Above all, the unpredictable nature of extreme weather and natural disasters and the sense of vulnerability they provoke can open the door to empathy and solidarity across national borders.

Furthermore, measures to enhance security in this way would not lead to what has been called the “security dilemma,” a vicious cycle in which the steps that one state takes to heighten security are perceived by other states as an increased threat, causing them to respond with similar measures, only leading to further mistrust and tension. The knowledge, technology and know-how that facilitates cooperation in the area of disaster relief is such that its value to all parties is enhanced through sharing."

Daisaku Ikeda is president of Soka Gakkai International and founder of the Toda Institute for Global Peace and Policy Research. His 2014 peace proposal can be read at ⤢www.sgi.org.


Japan: Once Upon a Time (2)

Japan now makes regularly scheduled expeditions to Antarctica, and for years, the ship the explorers sailed on was the Shirase. The ship was named for Nobu Shirase (1861-1946), who got his start as a niche explorer on an expedition to the Kuril Islands--in the area opened up by Takadaya Kahei.

Nobu Shirase took on another cold ocean when he led an expedition to Antarctica. On his first try, the ice kept him away. More than glory, he treasured his crew members. When the Antarctic ice proved impassible, he withdrew to Australia. Penniless, he and his crew were rejected by the Australian public, but embraced by a former member of the Shackleton Expedition to Antarctic--to the extent that they could make a second attempt to reach Antarctica.

This time, they were able to disembark at two locations, burying mementoes of their expedition as solid evidence of their presence on the icy continent.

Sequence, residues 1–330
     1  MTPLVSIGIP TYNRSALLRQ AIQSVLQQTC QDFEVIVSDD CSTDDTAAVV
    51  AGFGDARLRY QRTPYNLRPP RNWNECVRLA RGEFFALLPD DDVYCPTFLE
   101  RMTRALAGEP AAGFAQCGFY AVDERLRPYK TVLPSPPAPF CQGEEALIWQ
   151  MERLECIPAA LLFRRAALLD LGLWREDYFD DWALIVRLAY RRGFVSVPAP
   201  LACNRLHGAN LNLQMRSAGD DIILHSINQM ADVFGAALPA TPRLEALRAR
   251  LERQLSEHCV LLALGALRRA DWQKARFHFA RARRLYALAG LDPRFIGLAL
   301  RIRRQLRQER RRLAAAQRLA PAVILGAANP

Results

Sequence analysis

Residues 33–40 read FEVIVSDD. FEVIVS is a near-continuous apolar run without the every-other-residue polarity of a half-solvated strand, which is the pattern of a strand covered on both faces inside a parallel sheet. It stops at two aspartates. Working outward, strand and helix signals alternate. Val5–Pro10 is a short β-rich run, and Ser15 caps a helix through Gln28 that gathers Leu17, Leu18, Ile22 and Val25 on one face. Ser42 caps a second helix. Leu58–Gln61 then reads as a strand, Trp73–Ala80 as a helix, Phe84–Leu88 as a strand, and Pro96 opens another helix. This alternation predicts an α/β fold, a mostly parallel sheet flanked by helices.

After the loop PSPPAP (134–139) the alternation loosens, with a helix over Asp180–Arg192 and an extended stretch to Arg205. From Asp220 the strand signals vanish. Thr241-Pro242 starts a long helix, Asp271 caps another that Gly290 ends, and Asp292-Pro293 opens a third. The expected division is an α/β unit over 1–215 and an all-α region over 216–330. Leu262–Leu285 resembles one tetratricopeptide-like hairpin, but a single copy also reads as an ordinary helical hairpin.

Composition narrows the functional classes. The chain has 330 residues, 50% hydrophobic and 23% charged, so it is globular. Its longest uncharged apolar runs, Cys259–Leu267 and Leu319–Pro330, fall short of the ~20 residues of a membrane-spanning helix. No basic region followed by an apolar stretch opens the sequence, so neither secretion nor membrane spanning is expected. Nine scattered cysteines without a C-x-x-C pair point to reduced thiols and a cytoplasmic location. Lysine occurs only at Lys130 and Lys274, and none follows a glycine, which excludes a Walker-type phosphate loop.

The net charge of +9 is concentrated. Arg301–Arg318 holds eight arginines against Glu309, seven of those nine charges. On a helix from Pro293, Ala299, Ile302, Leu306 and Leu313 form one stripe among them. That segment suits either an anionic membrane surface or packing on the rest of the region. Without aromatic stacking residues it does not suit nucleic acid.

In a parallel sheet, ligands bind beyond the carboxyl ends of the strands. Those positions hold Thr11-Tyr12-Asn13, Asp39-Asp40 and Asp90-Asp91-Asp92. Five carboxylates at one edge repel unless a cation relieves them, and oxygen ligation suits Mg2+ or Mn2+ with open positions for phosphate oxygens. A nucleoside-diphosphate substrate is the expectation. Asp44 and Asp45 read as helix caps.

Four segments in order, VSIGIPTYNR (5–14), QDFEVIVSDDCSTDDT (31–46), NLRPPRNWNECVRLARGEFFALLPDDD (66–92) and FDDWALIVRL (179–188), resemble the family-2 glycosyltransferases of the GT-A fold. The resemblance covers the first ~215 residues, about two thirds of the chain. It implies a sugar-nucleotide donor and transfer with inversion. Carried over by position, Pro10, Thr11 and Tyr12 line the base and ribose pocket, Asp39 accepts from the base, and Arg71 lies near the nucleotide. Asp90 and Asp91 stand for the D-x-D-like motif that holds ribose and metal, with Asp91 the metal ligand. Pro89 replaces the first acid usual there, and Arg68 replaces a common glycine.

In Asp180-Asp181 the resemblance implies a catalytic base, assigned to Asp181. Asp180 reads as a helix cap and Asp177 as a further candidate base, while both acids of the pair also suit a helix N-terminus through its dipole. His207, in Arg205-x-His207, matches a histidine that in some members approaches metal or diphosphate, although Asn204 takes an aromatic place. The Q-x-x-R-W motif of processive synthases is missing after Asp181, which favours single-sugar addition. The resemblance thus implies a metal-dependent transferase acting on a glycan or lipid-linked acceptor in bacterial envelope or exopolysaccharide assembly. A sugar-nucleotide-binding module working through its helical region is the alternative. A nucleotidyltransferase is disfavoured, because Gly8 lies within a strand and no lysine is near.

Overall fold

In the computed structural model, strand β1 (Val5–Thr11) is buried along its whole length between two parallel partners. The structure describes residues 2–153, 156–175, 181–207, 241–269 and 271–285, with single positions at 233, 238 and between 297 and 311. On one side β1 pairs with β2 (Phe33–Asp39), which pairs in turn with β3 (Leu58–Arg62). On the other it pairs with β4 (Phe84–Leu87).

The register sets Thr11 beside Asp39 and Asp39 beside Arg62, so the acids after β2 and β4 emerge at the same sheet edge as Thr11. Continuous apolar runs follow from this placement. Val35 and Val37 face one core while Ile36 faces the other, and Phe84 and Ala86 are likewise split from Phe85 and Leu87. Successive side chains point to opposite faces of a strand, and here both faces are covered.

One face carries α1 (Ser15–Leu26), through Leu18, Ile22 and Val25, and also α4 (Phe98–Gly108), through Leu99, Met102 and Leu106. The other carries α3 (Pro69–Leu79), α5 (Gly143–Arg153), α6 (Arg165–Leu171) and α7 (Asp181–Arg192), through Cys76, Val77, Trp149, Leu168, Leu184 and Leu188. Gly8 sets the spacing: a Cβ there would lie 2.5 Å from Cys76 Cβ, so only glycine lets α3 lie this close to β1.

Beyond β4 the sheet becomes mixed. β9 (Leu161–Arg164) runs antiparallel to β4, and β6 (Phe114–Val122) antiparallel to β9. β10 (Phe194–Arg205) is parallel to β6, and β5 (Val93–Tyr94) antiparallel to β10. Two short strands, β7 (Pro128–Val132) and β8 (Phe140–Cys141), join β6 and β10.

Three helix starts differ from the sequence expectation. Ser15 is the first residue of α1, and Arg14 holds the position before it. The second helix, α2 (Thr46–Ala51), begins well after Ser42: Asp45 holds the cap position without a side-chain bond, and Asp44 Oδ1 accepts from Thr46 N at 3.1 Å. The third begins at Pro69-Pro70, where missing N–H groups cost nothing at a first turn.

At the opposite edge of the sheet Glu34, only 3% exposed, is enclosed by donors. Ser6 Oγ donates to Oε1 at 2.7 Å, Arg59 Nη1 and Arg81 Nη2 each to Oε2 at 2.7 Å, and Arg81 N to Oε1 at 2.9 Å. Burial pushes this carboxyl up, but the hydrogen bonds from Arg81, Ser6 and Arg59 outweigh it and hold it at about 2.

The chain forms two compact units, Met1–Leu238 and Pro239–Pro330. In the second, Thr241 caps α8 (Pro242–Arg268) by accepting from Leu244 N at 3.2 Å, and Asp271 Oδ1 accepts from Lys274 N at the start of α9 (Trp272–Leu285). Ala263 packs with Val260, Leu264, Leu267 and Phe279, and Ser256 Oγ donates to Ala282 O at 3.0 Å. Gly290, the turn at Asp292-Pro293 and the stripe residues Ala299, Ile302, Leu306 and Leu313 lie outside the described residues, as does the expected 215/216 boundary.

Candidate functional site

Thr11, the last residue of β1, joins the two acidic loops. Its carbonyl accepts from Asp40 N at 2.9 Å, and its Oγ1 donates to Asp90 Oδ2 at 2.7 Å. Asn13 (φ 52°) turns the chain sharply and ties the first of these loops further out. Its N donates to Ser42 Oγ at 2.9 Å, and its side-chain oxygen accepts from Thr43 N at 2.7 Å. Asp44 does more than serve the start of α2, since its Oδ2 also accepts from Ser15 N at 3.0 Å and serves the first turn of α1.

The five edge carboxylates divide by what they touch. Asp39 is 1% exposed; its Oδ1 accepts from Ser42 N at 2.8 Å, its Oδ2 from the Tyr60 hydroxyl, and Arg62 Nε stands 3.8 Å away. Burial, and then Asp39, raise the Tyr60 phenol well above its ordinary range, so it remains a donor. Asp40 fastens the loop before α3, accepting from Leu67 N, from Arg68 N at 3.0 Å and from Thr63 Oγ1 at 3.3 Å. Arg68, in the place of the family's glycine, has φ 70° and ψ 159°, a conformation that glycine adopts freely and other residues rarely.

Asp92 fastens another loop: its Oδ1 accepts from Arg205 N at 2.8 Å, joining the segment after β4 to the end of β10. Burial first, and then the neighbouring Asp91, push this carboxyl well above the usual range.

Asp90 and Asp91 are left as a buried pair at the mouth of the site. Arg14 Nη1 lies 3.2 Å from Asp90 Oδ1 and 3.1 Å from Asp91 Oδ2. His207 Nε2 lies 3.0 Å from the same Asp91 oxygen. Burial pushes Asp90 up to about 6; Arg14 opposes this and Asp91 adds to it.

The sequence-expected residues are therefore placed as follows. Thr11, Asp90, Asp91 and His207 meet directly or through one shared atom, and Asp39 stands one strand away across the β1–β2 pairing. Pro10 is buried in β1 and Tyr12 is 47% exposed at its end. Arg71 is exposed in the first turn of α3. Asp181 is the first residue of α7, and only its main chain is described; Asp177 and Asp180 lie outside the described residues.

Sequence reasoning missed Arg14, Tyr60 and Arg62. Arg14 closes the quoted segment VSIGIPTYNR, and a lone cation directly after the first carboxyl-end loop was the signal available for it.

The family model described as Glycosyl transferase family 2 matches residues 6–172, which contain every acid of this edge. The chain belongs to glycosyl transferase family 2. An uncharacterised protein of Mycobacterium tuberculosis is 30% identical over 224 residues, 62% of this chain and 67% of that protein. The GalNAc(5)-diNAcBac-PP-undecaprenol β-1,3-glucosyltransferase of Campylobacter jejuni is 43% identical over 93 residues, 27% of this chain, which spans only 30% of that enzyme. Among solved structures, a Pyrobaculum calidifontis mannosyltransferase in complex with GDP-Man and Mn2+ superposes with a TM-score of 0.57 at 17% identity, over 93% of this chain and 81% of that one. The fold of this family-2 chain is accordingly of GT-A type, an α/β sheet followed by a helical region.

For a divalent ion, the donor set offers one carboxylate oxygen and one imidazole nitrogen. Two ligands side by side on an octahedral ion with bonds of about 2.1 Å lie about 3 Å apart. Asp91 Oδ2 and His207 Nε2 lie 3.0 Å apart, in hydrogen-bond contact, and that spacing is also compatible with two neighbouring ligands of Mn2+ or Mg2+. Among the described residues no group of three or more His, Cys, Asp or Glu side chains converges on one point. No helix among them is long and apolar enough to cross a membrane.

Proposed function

Nobu Shirase is, to me, the embodiment of prudence plus daring plus master of the art of the possible. On the first attempt, ice prevented the ship from reaching the continent. On the second attempt, they reached the shore of Antartica but were faced with a 300-foot vertical cliff of ice. Shirase and his crew set to work carving a stairway in the ice, step by slow step, until they reached the top.

There is a famous story from the golden age of the samurai, about a samurai and his blacksmith. A certain Lord prepared two buckets of boiled rice, challenging the samurai and the blacksmith to pound the rice into the smooth paste known as mochi. The samurai attacked the rice with the flat of his sword, smashing away ruthlessly. The blacksmith took one grain of rice, placed it on his anvil, squashed it with his hammer, and repeated the process grain by grain until he was done.

It was the blacksmith who won the contest, and it was Nobu Shirase who not only reached Antarctica but was able to return home to Japan with ship and crew safe and sound, successful in the end.


Japan: Once Upon a Time (1)

When we think of the great voyagers of the world, names like Columbus and Magellan come to mind. Here is a good opportunity to think about what I call the "niche" voyagers, explorers who went where others didn't think to go. One of my favorite niche voyagers is Takadaya Kahei.

Takadaya Kahei was born in a land of mild waters, in a part of Japan then called Awaji, near what is now called Kobe, in 1769. He found work as a fisherman, and as soon as he could afford it, he bought his own ship. It was a ship unlike any the western world has ever used. Why? Because in those days, Japan was a closed country and ships were deliberately built to be unfit to go very far: no sturdy sides to keep out wild waves, no protected cabins for shelter on long trips, no Viking dragon-boat sort of industrial strength steering system.

Still, Takadaya Kahei went as far as he could make his boat sail: to Hokkaido, a huge northern territory not yet incorporated into Japan. What did Hokkaido need? Rice! Salt! Sake! Takadaya had those. What did Hokkaido have to sell? Marine products like salmon and edible seaweed. Takadaya Kahei had a ready market for all of them.

There is a lot more to tell about this intrepid merchant seaman. If you go to Hakodate, a port city in Hokkaido, by all means visit the Takadaya Kahei museum where the tools of his trade are on exhibit. Takadaya Kahei was a man who made boatloads of money in the kinds of trade we today call "win-win" transactions. He was a merchant who not only did well but also did good. Hakodate became a wonderful place to live, largely because of the efforts of Takadaya Kahei.


Meanwhile, back in Fukushima...